As far as we are aware, only three reviews have examined the exercise program variables (frequency, intensity, duration, and type of exercise) for the treatment of depression (7, 13, 14). These are highlighted in Table 1. The most recent of these reviews examined exercise program variables from studies reporting positive mental health outcomes for people with depression. Stanton and Reaburn (14) reported that supervised aerobic exercise, performed in either group or individual formats, undertaken 3–4 days per week, at low to moderate or self-selected intensity, for 30–40 min per session for at least 9 weeks, is likely to provide positive benefits in the treatment of depression. This is not substantially different to the exercise recommendations for healthy populations (15). Therefore, clinicians should be confident that public health exercise guidelines represent an excellent starting point when prescribing exercise for people with depression.

TABLE 1
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Table 1. Summary of exercise prescription guidelines.

Exercise for Post-Natal Depression

Two recent reviews offer support for exercise in the treatment of PND (16, 17). Lewis et al. (16) reviewed nine studies, including four 12-week RCTs investigating the effect of exercise on PND. Three of the four RCTs reported an improvement in PND symptoms (1820) and one reported no effect of exercise (21).

Most recently, Blamey et al. (17) reported a moderate (SMD: 0·73, 95% CI 0.35–1.11) but not clinically significant (<4 points on Edinburgh PND Scale) effect of exercise in the treatment of PND. The authors also reported that structured exercise classes were more effective than tailored advice. However, the high risk of bias, poor reporting of data, and substantial study heterogeneity limits the interpretation of these findings.

Not all reviews support the effectiveness of exercise in the treatment of PND. Daley et al. (22) reviewed five RCTs comparing exercise of any type, with any other treatment, or no treatment and reported no significant effect of exercise as a stand-alone intervention, compared to no exercise in women with PND (SMD: −0.42, 95% CI −0.90 to 0.05). However, based on the limited available evidence, exercise appears to be beneficial in the treatment of PND (23) and has been included in clinical practice guidelines for the treatment of PND (24). However, this recommendation is based on two small, low quality trials (18, 19) and does not offer detailed guidance on exercise prescription. Possibly due to the lack of high quality RCTs and the significant heterogeneity in intervention design, no systematic reviews have examined the exercise program variables for the treatment of PND. From the review of Lewis et al. (16), a 12-week program of pram-walking including social support may be valuable for the treatment of PND as outlined in Table 1. Until more high quality RCTs are conducted to examine the appropriate program variables for exercise in the treatment of PND, the recommendations of Stanton and Reaburn (14), or the exercise program variables used for healthy populations, might be considered valuable.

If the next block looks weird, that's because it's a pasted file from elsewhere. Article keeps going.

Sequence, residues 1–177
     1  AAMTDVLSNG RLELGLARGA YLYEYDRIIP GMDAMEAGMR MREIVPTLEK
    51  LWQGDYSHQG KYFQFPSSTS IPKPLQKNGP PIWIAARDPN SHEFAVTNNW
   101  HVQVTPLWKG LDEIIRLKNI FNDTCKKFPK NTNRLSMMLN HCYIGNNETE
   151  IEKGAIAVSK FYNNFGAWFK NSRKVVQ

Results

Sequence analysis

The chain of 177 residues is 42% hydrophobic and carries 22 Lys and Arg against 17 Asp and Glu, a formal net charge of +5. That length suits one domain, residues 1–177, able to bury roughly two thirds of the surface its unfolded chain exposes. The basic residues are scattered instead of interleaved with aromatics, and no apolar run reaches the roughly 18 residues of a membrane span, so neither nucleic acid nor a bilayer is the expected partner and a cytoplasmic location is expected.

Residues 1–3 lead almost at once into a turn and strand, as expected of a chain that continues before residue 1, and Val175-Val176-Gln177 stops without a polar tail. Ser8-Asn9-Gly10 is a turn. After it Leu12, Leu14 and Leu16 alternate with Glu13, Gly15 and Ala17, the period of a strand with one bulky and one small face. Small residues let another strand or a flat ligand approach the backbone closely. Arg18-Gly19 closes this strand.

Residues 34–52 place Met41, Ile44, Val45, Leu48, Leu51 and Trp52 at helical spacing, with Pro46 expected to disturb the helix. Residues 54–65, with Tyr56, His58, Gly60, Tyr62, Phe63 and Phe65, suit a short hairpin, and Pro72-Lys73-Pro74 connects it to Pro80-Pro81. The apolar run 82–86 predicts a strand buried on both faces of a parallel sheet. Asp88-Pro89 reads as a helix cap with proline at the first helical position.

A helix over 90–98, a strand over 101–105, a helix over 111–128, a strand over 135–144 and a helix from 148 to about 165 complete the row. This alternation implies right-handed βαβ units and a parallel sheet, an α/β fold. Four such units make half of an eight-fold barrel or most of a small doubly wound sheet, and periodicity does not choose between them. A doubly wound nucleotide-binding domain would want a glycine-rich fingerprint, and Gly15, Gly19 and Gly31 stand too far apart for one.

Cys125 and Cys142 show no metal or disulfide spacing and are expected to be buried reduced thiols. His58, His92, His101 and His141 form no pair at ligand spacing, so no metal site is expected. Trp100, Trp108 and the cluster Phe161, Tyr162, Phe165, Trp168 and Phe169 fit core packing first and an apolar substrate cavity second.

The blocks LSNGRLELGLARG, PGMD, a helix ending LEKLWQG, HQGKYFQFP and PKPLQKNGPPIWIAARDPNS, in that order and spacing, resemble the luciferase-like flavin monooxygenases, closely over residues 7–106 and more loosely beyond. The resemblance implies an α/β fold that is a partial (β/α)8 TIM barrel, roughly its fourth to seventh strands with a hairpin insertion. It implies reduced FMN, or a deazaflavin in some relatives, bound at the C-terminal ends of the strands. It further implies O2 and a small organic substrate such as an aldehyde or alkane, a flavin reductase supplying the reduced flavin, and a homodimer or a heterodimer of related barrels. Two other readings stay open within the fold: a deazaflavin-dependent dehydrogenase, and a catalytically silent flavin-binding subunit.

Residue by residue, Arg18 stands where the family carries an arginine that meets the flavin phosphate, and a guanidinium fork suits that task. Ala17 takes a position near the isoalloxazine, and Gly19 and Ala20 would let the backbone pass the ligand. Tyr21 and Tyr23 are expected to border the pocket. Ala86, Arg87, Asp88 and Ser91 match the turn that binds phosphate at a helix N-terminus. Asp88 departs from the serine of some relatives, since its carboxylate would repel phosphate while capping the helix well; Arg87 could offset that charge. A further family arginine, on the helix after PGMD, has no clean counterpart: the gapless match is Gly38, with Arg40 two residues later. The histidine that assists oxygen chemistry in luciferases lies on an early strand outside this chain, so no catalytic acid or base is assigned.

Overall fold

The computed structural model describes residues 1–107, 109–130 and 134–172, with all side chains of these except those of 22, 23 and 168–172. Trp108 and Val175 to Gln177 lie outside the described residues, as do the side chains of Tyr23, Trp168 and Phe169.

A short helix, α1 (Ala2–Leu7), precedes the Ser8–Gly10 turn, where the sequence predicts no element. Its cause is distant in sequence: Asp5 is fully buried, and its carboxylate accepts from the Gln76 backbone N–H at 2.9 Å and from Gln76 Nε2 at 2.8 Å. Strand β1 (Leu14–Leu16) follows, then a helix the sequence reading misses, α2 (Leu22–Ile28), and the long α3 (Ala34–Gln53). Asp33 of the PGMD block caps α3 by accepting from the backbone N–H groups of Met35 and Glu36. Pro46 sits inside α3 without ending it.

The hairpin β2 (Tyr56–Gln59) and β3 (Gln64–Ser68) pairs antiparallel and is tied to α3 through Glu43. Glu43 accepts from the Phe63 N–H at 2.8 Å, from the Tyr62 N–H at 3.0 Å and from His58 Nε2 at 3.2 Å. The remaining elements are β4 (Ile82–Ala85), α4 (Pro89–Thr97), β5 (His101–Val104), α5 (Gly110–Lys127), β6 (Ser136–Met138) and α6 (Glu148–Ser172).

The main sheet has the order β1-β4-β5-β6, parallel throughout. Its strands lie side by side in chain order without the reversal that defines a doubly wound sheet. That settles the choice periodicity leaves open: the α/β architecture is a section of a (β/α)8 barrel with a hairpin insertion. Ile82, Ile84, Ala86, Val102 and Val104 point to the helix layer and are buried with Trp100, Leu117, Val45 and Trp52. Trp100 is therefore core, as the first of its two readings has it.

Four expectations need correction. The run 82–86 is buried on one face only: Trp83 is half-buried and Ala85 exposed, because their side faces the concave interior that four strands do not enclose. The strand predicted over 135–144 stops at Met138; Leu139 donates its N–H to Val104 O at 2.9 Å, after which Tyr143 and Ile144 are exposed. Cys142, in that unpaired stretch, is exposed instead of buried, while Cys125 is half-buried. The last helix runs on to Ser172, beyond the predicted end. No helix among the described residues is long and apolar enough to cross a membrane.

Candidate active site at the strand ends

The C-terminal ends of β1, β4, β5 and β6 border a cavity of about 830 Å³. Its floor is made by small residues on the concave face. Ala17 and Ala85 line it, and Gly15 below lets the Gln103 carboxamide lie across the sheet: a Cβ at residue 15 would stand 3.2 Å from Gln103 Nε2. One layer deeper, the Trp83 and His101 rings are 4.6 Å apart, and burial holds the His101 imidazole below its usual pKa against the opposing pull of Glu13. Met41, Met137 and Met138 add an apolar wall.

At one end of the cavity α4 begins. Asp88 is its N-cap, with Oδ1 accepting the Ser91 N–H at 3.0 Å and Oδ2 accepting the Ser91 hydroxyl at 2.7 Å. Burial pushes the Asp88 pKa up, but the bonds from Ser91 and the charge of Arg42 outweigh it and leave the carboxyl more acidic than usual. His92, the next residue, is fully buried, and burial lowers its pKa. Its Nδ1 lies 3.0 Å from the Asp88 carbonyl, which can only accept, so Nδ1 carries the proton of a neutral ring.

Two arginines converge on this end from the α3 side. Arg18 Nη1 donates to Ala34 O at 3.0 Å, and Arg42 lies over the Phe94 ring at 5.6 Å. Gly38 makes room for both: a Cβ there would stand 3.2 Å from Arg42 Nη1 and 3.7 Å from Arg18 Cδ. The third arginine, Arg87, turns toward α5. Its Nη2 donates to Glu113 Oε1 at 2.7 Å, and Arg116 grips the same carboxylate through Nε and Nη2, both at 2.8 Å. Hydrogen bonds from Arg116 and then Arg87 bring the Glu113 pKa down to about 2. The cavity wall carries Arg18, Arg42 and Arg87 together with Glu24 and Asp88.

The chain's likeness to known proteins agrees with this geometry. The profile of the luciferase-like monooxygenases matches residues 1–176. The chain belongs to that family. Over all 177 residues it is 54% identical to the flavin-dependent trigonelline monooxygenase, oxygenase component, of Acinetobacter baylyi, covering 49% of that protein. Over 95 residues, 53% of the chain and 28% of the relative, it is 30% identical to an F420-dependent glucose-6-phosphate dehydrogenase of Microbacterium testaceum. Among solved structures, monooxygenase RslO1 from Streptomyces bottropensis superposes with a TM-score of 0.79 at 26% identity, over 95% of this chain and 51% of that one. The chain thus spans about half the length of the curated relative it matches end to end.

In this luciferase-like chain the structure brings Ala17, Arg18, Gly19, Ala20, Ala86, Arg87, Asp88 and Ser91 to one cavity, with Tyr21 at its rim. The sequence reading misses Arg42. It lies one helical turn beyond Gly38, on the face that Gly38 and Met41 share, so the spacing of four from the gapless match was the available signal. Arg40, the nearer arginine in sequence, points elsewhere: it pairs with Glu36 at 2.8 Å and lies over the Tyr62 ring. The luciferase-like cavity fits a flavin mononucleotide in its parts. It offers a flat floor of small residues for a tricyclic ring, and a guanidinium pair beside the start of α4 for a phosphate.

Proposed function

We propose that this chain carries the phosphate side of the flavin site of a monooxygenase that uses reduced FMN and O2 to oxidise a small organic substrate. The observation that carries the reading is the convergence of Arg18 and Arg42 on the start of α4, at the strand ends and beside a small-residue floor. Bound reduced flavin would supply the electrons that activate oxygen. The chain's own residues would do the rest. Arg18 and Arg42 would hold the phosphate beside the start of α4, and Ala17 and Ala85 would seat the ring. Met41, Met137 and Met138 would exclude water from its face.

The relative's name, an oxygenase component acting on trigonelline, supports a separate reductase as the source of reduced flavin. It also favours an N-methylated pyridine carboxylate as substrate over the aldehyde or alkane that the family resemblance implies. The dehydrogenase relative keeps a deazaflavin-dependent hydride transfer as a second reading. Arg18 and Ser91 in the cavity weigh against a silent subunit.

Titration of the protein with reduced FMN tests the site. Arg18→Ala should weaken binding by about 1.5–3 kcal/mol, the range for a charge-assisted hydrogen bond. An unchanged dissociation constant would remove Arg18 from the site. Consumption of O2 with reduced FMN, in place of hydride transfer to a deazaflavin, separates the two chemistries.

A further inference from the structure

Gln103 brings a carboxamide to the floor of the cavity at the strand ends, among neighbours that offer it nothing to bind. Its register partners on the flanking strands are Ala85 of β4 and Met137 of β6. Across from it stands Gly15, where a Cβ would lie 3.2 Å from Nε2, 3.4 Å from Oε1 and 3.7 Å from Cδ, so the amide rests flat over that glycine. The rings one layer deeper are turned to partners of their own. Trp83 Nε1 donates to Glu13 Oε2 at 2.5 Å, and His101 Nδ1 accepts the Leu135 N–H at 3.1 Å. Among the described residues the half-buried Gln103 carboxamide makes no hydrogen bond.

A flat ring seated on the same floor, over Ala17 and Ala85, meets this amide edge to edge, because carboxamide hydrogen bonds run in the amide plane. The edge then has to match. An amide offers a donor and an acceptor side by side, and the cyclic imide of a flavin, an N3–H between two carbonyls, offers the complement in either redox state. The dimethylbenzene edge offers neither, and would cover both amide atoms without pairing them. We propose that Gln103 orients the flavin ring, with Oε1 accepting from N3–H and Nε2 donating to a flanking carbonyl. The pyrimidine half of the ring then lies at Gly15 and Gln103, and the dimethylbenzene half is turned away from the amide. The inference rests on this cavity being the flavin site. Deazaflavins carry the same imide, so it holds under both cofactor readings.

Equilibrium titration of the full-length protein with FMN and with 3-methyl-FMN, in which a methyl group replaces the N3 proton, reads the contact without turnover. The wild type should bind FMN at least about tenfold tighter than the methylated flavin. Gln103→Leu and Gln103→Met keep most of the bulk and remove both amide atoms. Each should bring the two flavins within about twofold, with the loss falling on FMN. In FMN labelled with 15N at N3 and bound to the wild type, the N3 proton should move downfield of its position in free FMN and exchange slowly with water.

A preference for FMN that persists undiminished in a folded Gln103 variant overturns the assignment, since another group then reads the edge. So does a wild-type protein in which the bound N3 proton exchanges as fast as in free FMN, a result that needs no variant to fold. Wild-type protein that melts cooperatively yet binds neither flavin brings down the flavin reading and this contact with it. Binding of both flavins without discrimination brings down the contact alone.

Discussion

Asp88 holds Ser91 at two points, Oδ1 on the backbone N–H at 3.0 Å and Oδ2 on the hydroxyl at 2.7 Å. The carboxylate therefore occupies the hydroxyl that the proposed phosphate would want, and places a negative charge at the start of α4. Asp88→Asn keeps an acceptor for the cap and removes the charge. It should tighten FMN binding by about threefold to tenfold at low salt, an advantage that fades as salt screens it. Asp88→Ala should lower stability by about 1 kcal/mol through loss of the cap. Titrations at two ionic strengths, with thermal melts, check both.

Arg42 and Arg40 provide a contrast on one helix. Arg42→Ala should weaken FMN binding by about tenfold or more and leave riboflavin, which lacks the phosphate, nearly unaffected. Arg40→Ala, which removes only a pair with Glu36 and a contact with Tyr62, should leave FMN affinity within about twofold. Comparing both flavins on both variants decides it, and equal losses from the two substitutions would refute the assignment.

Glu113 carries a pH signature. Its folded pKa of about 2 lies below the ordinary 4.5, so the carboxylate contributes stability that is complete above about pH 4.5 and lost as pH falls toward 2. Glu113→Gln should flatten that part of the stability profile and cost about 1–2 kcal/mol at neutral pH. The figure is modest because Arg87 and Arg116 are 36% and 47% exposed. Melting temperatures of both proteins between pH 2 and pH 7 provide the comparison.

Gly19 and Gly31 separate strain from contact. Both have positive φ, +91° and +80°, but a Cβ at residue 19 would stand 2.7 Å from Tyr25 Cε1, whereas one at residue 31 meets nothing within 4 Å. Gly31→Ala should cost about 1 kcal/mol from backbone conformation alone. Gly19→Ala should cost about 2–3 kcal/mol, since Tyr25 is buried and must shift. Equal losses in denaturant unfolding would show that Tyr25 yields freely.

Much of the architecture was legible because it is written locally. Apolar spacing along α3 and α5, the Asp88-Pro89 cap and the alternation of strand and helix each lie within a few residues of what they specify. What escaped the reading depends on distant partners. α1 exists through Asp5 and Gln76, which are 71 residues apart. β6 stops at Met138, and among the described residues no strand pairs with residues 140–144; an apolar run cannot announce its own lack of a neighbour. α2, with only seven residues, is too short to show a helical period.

Exercise for Bipolar Disorder

Compared to other affective disorders such as depression, there is considerably less research examining the effect of exercise in the treatment of BD. However, from the findings of studies undertaken to date, it would appear that exercise may reduce both depression and anxiety (25), improve acute wellbeing (26), and reduce stress (25, 27) in people with BD. As with other studies of exercise in the treatment of mental illness, the limited number of studies on exercise intervention and BD are typically underpowered, have poor adherence and poor reporting of program variables. This makes replication and interpretation of study outcomes difficult.

To our knowledge, only one systematic review has been conducted on the effect of physical activity and exercise in people with BD (28). From the six studies included, the authors concluded that, while exercise may be feasible, more research is necessary before recommendations can be made for appropriate exercise prescription in individuals with BD. In a review of the neurobiological correlates to BD, Alsuwaidan and McIntyre (29) concluded that a program of exercise consistent with the public health dose of 30 min of moderate intensity exercise on most days of the week may be effective for individuals with BD (see Table 1). This recommendation was based on the findings from both animal and human studies, which show exercise may mediate the neurobiological dysfunction seen in people with BD.